So, it’s not surprising that I’ve chosen now to start a ‘jewellery from Disney films’ blog series. (You may be thinking ‘hmm, large life change looming – is she watching kiddie films because she’s in denial about becoming someone’s actual wife?’, but if I’m honest, this series was The Goblin’s idea.)


This was a pretty fun one to research, and I’ve learnt several unexpected things, like the difference between a nautilus and an ammonite, and the fact there was a Little Mermaid Broadway musical (how did I miss this?!).

Ursula’s necklace

Ursula uses her shell necklace to keep Ariel’s voice once she’s traded it for legs. The first time we see her, Ursula is already wearing the ornament, so it’s presumably something she values as a piece of jewellery in itself. After all, where better to keep the precious spoils of your nefarious deals than in your favourite accessory? (I mean it worked for Voldemort…for a while…)

According to the Disney wiki, Ursula’s necklace is a nautilus shell, which, it turns out, is not the same as an ammonite, although they look pretty bloody similar:

As this extremely helpful page explains, they’re both cephalopods (from the Greek for ‘head-feet’), but the main difference between them is that ammonoids are extinct. No news on why nautiloids survived extinction despite being pretty much identical to their extinct ammonoid siblings (apart from their small biological differences such as flesh tubes – yuck – and separations between shell chambers). Whatever the reason, I’m guessing Ursula uses one because fossils don’t tend to have handy storage chambers…

Fun bonus reminder: in the original Hans Christian Anderson story, the Little Mermaid sacrifices her voice by having her tongue cut out rather than putting her voice in a shell. That necklace would have been more Hannibal Lecter than Hans Christian… (Although Ursula has more in common with Hannibal than you’d think – more on that later.)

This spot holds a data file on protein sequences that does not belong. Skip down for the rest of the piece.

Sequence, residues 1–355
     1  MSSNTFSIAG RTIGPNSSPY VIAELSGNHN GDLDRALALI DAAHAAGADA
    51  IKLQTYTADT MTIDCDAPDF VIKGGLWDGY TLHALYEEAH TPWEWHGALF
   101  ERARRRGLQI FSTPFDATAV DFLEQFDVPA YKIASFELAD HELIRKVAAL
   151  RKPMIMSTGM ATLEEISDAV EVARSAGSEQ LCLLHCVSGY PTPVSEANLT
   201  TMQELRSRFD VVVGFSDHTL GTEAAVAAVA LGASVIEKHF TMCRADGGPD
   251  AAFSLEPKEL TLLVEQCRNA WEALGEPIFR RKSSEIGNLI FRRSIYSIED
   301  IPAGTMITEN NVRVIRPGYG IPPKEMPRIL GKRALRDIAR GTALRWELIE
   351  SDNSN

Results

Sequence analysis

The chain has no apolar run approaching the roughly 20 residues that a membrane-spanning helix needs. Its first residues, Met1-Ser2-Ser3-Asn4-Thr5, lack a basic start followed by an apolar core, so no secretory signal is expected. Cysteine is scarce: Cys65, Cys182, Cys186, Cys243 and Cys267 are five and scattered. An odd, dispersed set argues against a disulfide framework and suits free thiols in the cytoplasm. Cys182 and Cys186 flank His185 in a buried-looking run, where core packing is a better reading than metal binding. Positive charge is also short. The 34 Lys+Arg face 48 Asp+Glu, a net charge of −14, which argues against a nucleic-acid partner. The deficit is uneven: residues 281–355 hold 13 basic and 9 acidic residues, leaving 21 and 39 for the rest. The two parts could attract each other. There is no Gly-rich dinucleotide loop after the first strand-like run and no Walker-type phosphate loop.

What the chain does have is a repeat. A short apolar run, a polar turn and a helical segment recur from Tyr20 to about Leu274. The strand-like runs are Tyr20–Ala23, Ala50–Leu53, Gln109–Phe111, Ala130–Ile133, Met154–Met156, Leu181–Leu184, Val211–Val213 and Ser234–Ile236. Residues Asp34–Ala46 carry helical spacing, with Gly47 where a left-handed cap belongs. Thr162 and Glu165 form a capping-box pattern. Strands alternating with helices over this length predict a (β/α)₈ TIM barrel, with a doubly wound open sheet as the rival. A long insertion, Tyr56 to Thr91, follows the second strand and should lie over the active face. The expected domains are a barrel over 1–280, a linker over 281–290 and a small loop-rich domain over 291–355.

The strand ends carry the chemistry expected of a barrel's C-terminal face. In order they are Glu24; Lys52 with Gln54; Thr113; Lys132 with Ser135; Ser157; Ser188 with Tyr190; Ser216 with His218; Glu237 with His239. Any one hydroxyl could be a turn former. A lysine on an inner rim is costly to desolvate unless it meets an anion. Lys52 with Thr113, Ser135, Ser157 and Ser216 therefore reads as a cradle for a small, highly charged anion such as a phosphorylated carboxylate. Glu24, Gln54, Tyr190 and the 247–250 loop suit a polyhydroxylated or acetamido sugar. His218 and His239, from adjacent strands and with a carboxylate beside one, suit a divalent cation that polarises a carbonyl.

Fairytale facts: Disney budgets, Ursula’s characterisation, and prehistoric jewellery

1) Ursula is an octopus with only 6 tentacles due to Disney’s budgetary constraints – apparently animating 8 tentacles in 1989 was way more difficult and pricey than just the 6 they ended up with.


2) In the original draft of the film, she was meant to be Triton’s sister, making her Ariel’s aunt. They decided to save that storyline for The Lion King, which I think is a good thing. I mean, how much more badass is Ursula as a character when she’s just generally power-hungry and keen for revenge than if she were explicitly usurped in some way (yawn)? Also, Ursula screws Ariel over for revenge, but what about the rest of the merpeople? She seems to just be a cannibalistic sadist with great charisma – what’s not to love?

See? Cannibalism.

3) Ursula is not alone in favouring seashell jewellery; from Brittany to the Bahamas, and countless other cultures across time and space, it has and continues to be incredibly popular. So popular, in fact, that what’s thought to be the first extant jewellery, created 100-135,000 years ago, is made out of seashells:

Source: http://www.npr.org/templates/story/story.php?storyId=5504545

Back in the here and now, if you want a subtle silver version of Ursula’s magical pendant, my ammonite gives a nod to the sea witch without making your boss passive-agressively email you the company dress code…


Unfortunately, you can’t use it to trap the voice of every pillock making obnoxious comments on the tram… May have to consider that for the next shop upgrade!